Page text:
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February 3, 1962


JAMA. 1962;179(5):368-369. doi:10.1001/jama.1962.03050050058010

The structural changes in the kidneys of rats that occur as a response to the alterations in electrolyte balance which accompany potassium deficiency have been found to be localized to the collecting tubules.1 These changes consisted of a general hyperplasia of the tubular epithelial cells in the outer zone of the medulla, a specific hyperplasia of the intercalated cells in the same area, and the development of droplets in cells of the papillary portion of the collecting system. There was also a defect in ability to concentrate urine. MacKay and Oliver2 observed that massive phosphate loading produced extensive changes in the kidney and that these changes consisted of necrosis and calcification of the terminal segment of the proximal convolutions.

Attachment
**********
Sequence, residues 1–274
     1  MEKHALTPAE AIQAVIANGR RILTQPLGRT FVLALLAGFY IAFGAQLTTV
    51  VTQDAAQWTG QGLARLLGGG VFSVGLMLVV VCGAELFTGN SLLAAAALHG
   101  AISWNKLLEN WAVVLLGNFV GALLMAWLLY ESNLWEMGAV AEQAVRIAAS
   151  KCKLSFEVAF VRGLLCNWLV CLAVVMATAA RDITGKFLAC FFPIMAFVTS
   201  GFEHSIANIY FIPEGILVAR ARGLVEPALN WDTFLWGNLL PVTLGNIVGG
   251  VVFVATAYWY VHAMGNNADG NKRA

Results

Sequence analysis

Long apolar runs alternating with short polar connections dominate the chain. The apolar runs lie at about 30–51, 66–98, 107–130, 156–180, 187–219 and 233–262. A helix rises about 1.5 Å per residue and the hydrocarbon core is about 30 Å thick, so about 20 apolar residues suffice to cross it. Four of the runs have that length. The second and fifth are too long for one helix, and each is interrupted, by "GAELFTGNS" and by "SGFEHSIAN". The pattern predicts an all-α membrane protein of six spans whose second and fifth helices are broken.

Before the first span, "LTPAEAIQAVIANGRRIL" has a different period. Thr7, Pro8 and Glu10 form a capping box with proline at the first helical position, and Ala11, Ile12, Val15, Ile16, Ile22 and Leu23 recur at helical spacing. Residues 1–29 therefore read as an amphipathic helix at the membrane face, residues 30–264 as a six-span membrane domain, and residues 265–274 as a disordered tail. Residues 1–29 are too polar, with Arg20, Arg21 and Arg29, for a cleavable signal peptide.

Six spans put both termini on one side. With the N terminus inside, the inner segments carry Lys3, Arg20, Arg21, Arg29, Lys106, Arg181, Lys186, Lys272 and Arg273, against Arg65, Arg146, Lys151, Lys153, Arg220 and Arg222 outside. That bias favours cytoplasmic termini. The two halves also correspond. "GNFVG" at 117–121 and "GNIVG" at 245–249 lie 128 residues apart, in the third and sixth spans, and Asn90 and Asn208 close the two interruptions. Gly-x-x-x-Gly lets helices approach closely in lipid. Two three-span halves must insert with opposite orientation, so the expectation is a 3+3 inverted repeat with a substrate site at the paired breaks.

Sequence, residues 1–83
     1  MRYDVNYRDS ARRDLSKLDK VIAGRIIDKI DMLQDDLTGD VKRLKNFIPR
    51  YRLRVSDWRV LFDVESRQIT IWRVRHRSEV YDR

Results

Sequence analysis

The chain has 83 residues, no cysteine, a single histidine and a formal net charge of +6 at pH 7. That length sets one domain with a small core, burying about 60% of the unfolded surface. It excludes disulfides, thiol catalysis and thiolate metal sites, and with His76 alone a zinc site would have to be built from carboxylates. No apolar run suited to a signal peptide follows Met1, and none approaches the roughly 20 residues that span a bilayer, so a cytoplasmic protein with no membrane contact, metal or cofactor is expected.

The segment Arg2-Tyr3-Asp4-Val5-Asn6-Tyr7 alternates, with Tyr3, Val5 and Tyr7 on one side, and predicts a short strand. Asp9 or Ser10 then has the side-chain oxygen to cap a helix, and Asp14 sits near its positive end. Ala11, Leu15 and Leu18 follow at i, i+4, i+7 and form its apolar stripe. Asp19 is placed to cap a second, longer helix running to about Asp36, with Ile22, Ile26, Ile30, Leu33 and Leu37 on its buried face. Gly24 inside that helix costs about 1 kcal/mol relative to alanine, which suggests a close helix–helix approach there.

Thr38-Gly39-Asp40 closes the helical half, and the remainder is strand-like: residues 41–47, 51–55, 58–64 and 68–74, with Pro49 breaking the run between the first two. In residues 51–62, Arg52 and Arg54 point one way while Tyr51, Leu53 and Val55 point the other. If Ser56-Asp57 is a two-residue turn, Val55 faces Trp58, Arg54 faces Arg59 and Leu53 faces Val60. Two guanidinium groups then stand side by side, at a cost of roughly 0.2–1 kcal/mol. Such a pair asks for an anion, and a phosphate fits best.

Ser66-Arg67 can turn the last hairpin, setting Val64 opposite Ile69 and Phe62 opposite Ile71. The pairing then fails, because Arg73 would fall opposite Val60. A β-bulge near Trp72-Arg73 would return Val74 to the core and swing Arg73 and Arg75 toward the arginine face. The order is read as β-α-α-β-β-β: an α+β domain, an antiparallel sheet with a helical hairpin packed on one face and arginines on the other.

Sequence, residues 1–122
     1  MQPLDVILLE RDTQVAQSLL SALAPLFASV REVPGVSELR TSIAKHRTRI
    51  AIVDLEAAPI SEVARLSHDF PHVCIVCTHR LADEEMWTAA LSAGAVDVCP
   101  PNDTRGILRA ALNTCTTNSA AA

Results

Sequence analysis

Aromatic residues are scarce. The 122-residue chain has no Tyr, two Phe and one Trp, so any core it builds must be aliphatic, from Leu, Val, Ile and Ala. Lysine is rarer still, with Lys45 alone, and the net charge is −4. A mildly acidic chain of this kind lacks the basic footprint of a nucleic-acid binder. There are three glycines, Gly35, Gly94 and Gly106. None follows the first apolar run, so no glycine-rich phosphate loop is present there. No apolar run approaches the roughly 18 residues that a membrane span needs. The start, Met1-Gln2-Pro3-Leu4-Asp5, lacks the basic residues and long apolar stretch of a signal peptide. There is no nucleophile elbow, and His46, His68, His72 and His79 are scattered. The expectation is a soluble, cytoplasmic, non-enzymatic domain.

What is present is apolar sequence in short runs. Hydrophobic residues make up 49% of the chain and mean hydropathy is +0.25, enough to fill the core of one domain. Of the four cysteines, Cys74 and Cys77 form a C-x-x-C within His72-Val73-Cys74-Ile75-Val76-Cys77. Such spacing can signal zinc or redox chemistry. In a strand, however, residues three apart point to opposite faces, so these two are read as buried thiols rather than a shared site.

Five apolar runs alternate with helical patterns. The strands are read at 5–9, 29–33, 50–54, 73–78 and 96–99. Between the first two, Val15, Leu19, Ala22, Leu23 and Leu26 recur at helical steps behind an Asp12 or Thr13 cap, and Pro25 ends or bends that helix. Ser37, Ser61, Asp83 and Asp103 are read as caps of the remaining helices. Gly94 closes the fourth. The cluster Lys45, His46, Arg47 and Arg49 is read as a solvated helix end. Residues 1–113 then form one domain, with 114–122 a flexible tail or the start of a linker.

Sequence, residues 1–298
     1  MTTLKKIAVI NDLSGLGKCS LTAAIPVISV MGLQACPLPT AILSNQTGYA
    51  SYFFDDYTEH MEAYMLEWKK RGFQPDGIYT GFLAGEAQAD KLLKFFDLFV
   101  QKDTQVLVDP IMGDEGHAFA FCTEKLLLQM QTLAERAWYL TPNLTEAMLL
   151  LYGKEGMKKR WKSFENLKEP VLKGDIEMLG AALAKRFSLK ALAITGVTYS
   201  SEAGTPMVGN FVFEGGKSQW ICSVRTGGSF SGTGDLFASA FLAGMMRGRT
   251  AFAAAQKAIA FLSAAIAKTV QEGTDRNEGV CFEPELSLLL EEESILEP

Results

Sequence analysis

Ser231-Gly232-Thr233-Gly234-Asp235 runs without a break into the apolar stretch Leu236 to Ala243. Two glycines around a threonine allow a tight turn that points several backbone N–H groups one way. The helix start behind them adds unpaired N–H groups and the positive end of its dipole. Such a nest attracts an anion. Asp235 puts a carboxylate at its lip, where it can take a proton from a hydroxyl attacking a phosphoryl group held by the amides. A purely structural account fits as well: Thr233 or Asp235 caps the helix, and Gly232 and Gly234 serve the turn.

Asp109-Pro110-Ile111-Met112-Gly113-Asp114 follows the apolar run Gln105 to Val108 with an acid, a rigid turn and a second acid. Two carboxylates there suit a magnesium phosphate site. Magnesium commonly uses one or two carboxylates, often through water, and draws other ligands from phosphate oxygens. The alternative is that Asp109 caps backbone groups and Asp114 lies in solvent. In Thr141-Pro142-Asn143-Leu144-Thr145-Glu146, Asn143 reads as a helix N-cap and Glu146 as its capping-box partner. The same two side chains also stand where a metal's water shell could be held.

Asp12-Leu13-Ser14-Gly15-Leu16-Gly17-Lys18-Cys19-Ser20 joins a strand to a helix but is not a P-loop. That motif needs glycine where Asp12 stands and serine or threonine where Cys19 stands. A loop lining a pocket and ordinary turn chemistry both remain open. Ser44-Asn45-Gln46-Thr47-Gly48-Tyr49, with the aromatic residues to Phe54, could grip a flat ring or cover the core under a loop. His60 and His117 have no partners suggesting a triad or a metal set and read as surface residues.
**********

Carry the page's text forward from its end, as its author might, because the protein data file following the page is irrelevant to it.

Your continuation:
Extensive changes have been observed recently in the cortex of kidneys of rats acutely depleted of chloride. These changes in the experiments of Holiday and co-workers3 consisted of